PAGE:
By Debbie Hovanasian, Lowell Sun, 8/11/2007
LOWELL -- A young boy with a cast on his arm walked down the battered streets of New Orleans with his mom. They looked so sad that Priscille Matte, a Dracut resident on a mission trip with St. Anne's Episcopal Church, went to the boy and said, "I bet you have a beautiful smile." He immediately grinned widely. "It was so beautiful, but then it just went away," said Matte. That is, until a volunteer youth minister from Texas asked the boy if he could still toss a football with his cast. "He smiled ear to ear the entire time. The look on his mom's face -- she was so moved by the attention he was getting," said Matte, a retired nurse.
Two years after the area was devastated by Hurricane Katrina, the boy and his mother are just one example where "making a connection is just as important as gutting a house," said Anne Marie Malavich, a retired Daley School teacher who also was on the five-day mission in June. The group from St. Anne's, which also included the rector, the Rev. Ramon Aymerich, and Paul Breen of Lowell, gutted and rebuilt, but it was the human connections that moved them the most.
One day, they gave out donated food and supplies from a trailer sponsored by the Episcopal Church -- a necessity since many of the markets have yet to be rebuilt. Listening to their stories, Malavich soon realized that the residents were not as interested in the supplies as they were in talking about their devastation.
"No one wants to hear them anymore. We were new ears for them," she said. "We spent most of the day crying."
The extent of the devastation two years later shocked the group, even though they thought they were prepared after watching a presentation by Bishop Bud Cederholm of the Episcopal Diocese of Massachusetts during Lent. "It's like living in a refugee camp in our own country," said Breen, 48. Breen, a former Marine, was especially moved after meeting a man sitting alone on a bench, playing the trumpet. Breen learned that the man had lost his wife and two children in the flooding.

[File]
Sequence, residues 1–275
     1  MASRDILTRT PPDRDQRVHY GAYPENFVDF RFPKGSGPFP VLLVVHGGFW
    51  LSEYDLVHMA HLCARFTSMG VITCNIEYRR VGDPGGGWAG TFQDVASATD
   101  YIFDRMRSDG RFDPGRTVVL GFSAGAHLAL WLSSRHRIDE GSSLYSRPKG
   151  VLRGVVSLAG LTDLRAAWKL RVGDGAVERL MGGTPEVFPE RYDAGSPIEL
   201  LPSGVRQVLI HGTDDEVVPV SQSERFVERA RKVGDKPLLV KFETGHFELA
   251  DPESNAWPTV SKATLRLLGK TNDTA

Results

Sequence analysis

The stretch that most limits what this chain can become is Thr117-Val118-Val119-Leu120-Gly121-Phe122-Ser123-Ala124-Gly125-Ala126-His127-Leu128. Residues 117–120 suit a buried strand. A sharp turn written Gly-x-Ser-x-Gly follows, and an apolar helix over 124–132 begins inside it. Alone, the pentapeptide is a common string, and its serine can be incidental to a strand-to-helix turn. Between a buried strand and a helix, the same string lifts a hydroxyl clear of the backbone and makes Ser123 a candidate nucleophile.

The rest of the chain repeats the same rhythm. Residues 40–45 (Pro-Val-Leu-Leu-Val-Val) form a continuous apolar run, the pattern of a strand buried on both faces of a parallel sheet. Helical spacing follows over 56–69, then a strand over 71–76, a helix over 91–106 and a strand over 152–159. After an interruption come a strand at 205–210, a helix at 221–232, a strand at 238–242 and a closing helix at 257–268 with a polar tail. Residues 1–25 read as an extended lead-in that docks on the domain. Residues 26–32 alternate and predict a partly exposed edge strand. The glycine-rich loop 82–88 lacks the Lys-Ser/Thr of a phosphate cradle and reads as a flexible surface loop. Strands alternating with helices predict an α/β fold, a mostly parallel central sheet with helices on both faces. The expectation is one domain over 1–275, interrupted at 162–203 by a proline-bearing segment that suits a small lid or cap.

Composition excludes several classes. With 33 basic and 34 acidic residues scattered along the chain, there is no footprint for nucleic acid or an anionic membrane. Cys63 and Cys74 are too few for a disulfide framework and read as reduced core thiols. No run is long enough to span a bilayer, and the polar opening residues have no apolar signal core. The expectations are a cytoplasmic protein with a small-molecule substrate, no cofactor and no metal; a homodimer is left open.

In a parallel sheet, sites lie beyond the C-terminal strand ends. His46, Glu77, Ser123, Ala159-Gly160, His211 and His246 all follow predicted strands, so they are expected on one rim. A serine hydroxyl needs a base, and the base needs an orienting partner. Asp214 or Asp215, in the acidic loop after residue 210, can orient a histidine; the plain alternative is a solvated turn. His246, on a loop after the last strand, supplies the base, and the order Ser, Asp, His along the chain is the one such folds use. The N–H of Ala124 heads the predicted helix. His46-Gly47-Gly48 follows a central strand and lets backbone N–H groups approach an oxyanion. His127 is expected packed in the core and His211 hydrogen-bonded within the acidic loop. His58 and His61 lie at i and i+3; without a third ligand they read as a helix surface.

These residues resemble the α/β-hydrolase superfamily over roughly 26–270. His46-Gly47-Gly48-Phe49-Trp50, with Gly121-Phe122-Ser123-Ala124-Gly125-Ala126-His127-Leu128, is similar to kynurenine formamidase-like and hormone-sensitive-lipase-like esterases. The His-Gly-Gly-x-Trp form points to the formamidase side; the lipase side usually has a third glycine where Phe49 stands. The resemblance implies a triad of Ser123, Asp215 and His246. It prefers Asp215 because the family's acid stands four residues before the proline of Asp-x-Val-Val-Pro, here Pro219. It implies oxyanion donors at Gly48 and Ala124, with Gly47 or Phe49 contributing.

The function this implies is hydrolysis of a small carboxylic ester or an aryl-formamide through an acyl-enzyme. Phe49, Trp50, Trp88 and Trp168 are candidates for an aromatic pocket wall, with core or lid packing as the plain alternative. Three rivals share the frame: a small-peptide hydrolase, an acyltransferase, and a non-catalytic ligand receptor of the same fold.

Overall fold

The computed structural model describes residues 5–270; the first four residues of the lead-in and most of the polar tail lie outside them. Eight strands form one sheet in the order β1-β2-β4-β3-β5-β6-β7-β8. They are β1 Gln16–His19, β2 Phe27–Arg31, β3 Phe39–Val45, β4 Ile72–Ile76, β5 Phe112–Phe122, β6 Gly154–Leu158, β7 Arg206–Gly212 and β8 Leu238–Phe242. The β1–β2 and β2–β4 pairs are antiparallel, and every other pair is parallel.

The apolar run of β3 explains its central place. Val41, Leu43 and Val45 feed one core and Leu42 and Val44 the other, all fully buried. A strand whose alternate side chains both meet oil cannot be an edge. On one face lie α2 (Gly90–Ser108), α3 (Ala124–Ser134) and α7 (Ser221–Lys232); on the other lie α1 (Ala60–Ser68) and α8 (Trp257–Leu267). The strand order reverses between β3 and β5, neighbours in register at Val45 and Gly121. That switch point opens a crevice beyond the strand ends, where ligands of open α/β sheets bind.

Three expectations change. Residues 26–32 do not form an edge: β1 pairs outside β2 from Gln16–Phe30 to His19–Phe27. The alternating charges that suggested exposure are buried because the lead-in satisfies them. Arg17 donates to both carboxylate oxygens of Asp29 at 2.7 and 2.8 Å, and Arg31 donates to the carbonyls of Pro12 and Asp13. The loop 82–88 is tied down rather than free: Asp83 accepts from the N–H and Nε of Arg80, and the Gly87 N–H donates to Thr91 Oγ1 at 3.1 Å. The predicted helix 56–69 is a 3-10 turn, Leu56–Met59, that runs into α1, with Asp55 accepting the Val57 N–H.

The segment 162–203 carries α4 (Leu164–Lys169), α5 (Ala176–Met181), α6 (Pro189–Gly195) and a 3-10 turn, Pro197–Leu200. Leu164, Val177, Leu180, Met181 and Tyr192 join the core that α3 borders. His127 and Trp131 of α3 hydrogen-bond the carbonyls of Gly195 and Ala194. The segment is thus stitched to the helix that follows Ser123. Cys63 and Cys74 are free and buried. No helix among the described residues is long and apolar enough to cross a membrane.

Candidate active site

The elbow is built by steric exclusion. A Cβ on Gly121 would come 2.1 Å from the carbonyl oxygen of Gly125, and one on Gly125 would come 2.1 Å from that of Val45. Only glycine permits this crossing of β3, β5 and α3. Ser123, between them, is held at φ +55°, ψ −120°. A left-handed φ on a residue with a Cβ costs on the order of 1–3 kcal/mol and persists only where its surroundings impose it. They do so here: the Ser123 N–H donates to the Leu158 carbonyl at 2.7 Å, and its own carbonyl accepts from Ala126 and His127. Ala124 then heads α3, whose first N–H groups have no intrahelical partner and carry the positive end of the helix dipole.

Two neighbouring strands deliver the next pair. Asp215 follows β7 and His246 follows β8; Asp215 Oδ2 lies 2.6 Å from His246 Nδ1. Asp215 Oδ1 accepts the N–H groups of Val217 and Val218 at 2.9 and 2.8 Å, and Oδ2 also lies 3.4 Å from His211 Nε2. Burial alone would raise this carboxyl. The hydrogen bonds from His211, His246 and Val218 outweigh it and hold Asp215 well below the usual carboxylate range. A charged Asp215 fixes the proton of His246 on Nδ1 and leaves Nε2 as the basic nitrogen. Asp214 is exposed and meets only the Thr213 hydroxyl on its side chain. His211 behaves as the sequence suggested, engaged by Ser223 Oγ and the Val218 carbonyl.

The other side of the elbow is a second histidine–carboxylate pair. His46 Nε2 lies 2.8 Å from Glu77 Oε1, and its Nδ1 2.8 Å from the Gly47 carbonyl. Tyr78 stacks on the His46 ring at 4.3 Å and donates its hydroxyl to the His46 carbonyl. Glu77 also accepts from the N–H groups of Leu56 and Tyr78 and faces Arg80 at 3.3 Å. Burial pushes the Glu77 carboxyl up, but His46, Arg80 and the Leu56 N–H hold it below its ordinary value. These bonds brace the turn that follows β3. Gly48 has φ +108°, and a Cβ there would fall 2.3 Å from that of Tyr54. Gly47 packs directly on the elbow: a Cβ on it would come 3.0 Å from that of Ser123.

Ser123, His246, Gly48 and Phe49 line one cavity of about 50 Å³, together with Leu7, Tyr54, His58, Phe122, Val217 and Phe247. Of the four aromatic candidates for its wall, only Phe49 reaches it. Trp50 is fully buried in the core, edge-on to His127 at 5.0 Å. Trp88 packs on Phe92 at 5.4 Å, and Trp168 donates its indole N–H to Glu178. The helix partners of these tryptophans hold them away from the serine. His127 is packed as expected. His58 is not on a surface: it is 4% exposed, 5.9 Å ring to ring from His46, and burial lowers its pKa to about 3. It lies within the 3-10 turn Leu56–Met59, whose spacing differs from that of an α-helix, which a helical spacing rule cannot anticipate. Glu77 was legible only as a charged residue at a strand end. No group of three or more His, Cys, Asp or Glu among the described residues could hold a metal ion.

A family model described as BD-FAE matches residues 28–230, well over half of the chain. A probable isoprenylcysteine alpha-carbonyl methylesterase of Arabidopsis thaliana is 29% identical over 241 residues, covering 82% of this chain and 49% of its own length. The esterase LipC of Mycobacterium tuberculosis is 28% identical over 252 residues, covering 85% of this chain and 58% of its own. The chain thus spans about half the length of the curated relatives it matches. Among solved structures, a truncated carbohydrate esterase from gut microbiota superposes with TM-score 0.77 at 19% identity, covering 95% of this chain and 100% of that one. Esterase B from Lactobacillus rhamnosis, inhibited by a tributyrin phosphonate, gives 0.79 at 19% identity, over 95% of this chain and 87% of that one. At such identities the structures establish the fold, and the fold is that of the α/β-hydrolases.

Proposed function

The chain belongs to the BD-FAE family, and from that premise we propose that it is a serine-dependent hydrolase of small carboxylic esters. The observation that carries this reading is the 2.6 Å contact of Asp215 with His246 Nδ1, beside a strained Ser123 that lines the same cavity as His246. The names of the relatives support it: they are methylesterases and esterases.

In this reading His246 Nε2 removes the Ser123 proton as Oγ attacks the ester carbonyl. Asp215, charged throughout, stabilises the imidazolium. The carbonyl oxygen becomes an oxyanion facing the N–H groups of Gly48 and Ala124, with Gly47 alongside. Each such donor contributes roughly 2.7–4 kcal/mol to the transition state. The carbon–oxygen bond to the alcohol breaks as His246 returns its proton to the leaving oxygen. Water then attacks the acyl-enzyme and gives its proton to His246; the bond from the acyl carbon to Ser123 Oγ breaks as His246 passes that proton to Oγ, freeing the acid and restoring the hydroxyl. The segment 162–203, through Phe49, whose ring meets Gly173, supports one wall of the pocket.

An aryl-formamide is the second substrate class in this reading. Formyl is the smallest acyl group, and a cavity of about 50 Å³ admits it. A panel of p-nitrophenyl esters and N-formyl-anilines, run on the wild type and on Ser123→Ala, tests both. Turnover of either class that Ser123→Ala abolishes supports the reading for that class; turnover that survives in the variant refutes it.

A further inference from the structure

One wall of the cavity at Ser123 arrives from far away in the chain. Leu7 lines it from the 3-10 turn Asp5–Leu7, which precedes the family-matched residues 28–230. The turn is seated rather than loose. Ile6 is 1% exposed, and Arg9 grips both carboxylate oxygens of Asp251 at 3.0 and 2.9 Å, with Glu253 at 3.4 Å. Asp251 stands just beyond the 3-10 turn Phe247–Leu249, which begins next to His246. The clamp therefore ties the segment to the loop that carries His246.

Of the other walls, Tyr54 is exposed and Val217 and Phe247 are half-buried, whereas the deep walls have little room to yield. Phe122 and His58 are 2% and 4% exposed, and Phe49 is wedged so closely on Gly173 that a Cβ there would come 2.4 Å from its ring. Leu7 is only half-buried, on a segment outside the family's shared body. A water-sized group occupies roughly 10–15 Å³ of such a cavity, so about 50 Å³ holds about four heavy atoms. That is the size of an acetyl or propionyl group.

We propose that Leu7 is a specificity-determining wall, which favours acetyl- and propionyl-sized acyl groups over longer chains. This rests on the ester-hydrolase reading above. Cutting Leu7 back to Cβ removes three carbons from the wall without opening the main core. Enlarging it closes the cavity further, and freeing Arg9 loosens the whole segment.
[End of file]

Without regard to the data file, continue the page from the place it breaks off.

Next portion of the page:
Aymerich says that those hit the hardest were the poor and marginal. As for rebuilding, "some places haven't even been touched," he said, adding that Katrina may be referred to as an "equal-opportunity destroyer, but ... it's not an equal- opportunity rebuilder." Crime is rampant in the area as well, including a high murder rate, the group explained. Matte met a woman who said she paid a contractor to install copper piping, only to find him later that evening stealing the piping to resell it.
Aymerich says he was encouraged by the fact that religious differences take a back seat when there is a greater cause. In his dealings with the far more conservative local Episcopalian clergy, the crisis in the Episcopal Church over same-sex relationships and other issues didn't even come up, he said.
"There was no discussion about what divides the church, and that made a big impact on me," he said. "We were there to work together for a common cause -- all this other stuff is just nonsense."
Surely, the significant contributions being made by various church organizations left the St. Anne's group in awe. "They're working so hard to try to get them on their feet. You come out feeling so proud to be Episcopalian," said Matte, 62. The group was told by church organizers that 90 percent of the rebuilding is now being done by faith-based communities, marveled Malavich, 58. "As an American, I am outraged, embarrassed and ashamed at the lack of work being done (by the government). People should not be living in trailers two years later."
In spite of their frustration over the slow pace of recovery, all four consider the mission a life-altering experience that they will seek out again. They endured sparse living conditions, hard physical labor, tears for the victims, devastating sights, exhaustion, sweat, mold and plenty of dirt. But they also enjoyed a lot of laughter, Southern home cooking and hospitality, camaraderie, prayer, gratitude from the victims, getting back more than they gave, and strengthening their bonds as Christians.
"This is truly God's message -- love one another," said Breen.
© 2007 The Lowell Sun